07/07/2011 05:41 pm ET Updated Sep 06, 2011

Why Loaning Money To Loved Ones Could Be A Financial Mistake

Remember how Wimpy always promised his pal Popeye, "I'll gladly pay you Tuesday for a hamburger today"? So it can go with friends. Promises, promises, promises.

When you're talking hamburgers, reneging may not be such a big deal, but it's another story when hundreds or thousands of dollars are at stake. In these tough times, if you haven't been asked already, just wait: before long, a trusted friend or relative may come looking for help. In a recent survey by Ally Bank, 45 percent of those polled said they had a friend, colleague or family member borrow money from them for an unexpected purchase and unintentionally forget to pay them back.

When you get a cry for help, your immediate response may be to say yes. After all, how can you say no to someone you love, have known forever, and think the world of?

But experts say generosity has its place, just maybe not to good friends and those in the family --- unless done ever so delicately.


"The best advice is not to make a loan at all," says Simon Singer, a certified financial planner with The Advisor Consulting Group. These transactions can be fraught with danger for your friendship and your finances.

Harrine Freeman, the author How to Get Our of Debt, suggests steeling your nerves. "Don't be a sucker," she cautions. "Don't fall for the tears, sobs and emotional pleas from relatives or friends who do not manage their money wisely."

John Graves, a managing partner at the Renaissance Group investment bank, agrees, and warns against lending too generously. "While keeping wealth in the family can be an ancient wisdom, it must be a respected practice," he says. "


It helps to think strategically about lending. Remember that that the person asking for money is likely feeling uncomfortable. Tina Tessina, a psychotherapist and the author of Money, Sex and Kids: Stop Fighting about the Three things That Can Ruin Your Marriage says you should be sensitive, listen and then ask questions. How much is the loan? For what purpose? What is a realistic repayment schedule?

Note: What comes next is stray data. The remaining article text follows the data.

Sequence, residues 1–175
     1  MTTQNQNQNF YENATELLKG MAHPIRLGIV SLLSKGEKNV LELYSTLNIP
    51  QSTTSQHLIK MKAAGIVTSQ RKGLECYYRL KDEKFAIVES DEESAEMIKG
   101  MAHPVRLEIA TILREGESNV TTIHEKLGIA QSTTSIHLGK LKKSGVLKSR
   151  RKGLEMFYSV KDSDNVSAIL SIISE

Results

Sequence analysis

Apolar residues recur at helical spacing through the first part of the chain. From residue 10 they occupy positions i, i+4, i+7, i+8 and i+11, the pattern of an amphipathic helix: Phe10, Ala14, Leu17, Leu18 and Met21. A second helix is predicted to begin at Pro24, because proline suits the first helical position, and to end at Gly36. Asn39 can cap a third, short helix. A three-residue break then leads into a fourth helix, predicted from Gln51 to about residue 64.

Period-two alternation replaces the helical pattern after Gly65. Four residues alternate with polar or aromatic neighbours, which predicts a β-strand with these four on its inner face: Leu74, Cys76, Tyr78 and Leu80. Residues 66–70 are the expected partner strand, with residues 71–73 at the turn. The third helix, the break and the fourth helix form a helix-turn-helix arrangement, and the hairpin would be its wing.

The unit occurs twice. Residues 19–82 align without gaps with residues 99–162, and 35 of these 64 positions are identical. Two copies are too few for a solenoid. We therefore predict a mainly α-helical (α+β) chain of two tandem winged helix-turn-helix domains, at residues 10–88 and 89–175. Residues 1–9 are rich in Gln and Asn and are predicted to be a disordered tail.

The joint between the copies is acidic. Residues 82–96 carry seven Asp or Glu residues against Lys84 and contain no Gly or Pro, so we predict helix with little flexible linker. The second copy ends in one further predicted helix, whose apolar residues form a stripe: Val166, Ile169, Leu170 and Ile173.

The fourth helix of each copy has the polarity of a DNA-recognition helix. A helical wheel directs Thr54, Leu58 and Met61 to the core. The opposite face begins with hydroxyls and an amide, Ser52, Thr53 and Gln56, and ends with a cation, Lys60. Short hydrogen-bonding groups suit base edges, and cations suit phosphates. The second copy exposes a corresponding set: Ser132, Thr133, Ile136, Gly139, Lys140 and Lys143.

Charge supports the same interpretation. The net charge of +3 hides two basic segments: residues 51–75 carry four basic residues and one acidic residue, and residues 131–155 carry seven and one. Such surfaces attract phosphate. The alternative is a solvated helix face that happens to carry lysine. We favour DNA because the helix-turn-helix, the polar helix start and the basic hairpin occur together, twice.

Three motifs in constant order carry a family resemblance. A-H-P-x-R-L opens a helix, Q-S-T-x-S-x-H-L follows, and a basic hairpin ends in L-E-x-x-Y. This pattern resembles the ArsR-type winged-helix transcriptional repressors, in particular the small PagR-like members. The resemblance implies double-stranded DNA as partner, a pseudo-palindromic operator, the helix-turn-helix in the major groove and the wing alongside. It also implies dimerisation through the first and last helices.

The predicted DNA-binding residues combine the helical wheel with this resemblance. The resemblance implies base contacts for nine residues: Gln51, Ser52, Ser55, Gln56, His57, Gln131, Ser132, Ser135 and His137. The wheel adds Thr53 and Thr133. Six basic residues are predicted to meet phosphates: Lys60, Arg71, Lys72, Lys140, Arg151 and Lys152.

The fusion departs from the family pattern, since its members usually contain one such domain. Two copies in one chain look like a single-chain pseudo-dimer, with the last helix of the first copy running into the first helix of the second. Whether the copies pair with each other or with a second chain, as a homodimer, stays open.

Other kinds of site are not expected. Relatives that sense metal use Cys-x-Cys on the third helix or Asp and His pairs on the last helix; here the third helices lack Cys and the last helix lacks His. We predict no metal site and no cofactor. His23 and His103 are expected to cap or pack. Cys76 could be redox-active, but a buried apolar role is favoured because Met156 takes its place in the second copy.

There's no reason to rush your answer. Think it through. Is this an unusual problem, or does your dearheart find themselves frequently in financial difficulty? Even if it's not their fault --- say he or she lost their job or has become ill --- a loan may not be the real cure for the problem, Tessina says. Maybe the larger family or circle of friends needs to get together to provide ongoing support.

If the money is needed to fuel a business, direct them to other alternatives such as government grants, grants from charitable organizations, or raise the idea of them taking on an equity partner. "Try to explain that you want to help, but that lending money to friends and family has high potential to create more problems than such an arrangement might help to solve," Singer says. Let them know you value the relationship and you don't want anything to ruin it, especially money.

Decide in your mind whether this a is a loan or a gift. "Intellectually you can treat it as a gift, as more likely than not, that's what it will turn into if. If you think of it as a gift, then you have a better chance of retaining the relationship with the borrower," says Singer.